Not that I’m comparing myself to Leonardo or Michelangelo (even in a Mutant Ninja Turtle sense). I’m not jotting things down for posterity… just to remember them after I’ve slept and cleared the data banks.

I mean, I have to do something so I can get on with the business of being a genius!

Edited to add: I came across this in my quest for the Perfect System. (Pinterest, incidentally, was so helpful that it was not helpful.) Twelve types of journals you can keep. 

Are you a lister? Is yours one of those planners covered in colored pen and washi tape? What kinds of things do you like to write down? (Typing counts, too!)

The Manuscript Cometh

You know that feeling you get when your teacher is posting grades for papers or tests? How you brace yourself, take a deep breath and hold it like you’re doing the Ice Bucket Challenge?

It’s the same thing with books.  Imagine getting your corrected test or term paper back, only it’s 400 pages long.

My edits still come on paper. The UPS man (or woman) knocks on my door and hands me a big, fat package. There’s no mistaking it for anything else. It’s manuscript shaped.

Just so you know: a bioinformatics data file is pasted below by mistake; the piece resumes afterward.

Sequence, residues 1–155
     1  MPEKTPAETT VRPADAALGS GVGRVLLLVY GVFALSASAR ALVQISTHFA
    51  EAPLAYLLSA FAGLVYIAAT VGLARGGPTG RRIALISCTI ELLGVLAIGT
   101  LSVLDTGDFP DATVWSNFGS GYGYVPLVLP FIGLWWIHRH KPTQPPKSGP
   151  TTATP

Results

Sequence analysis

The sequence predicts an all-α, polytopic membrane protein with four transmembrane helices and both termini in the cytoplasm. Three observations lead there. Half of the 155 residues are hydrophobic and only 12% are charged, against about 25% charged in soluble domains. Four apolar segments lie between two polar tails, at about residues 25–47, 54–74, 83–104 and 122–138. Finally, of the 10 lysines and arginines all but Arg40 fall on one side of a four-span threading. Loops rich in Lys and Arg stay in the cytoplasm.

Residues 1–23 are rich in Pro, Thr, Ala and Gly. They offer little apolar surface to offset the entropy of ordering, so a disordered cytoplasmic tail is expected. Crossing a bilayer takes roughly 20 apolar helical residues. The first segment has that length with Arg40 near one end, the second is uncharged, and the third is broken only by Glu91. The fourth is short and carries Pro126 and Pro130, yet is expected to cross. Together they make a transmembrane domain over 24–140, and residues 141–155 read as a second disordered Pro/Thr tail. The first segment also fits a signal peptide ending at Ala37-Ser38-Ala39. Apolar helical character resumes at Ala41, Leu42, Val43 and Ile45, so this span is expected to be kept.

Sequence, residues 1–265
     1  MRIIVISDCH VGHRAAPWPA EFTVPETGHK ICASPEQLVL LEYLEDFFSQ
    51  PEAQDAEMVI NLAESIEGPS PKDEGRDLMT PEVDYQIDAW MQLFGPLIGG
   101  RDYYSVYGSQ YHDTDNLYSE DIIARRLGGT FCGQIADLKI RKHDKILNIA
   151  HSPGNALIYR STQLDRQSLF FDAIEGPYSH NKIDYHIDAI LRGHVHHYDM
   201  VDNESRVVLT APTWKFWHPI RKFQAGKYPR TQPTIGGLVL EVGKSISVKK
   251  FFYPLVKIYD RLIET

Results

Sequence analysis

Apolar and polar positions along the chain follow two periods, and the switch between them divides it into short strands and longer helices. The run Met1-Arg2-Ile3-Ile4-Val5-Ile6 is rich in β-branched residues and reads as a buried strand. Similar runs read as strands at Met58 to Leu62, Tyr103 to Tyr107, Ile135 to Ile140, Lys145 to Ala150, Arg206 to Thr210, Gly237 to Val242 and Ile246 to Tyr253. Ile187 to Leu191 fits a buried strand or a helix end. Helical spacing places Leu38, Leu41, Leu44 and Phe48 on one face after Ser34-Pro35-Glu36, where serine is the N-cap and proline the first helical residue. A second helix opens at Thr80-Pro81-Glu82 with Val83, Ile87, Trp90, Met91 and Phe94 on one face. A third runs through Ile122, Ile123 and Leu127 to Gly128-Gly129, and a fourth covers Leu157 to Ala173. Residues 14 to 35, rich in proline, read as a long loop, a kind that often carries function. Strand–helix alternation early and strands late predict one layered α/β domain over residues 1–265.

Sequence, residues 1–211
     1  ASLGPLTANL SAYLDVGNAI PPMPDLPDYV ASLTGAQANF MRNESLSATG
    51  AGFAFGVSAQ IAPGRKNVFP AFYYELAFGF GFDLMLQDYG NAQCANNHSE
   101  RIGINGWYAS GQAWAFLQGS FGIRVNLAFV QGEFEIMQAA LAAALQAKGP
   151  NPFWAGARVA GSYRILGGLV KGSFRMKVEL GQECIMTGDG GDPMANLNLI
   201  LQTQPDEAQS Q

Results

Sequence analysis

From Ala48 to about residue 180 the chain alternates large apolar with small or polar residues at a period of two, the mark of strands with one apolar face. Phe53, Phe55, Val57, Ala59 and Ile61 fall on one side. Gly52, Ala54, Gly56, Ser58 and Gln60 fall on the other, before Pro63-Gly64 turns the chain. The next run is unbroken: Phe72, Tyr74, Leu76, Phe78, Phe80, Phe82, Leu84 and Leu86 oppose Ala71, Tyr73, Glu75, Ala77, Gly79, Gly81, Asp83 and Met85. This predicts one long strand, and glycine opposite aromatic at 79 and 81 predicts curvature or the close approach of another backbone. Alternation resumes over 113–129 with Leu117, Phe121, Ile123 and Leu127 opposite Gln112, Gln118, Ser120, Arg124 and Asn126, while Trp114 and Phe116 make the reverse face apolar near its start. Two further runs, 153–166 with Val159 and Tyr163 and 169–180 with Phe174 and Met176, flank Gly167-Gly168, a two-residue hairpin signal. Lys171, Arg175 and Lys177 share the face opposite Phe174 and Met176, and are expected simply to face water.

MSS1

I bring it in and set it on the kitchen counter with a mixture of reverence and terror. What is my editor going to say? How much am I going to have to rewrite? How many stupid mistakes did I make?  The only way to know is to open it and find out.

MSS2

That’s a lot of paper. On top is a letter that summarizes all the things that are wrong with the book. Sometimes this is a long letter.

I usually read it standing right there by the counter. Then I hyperventilate. And then I go for a walk, or a coffee, or a something, and I don’t come back until I stop feeling like a loser for not writing a Perfect First Draft. (No one writes a perfect first draft, no matter what they tell you. There are always things that can be better. I have been tempted to go through Barnes and Noble with a pen and tweak the phrasing here and there in my books on the shelf.)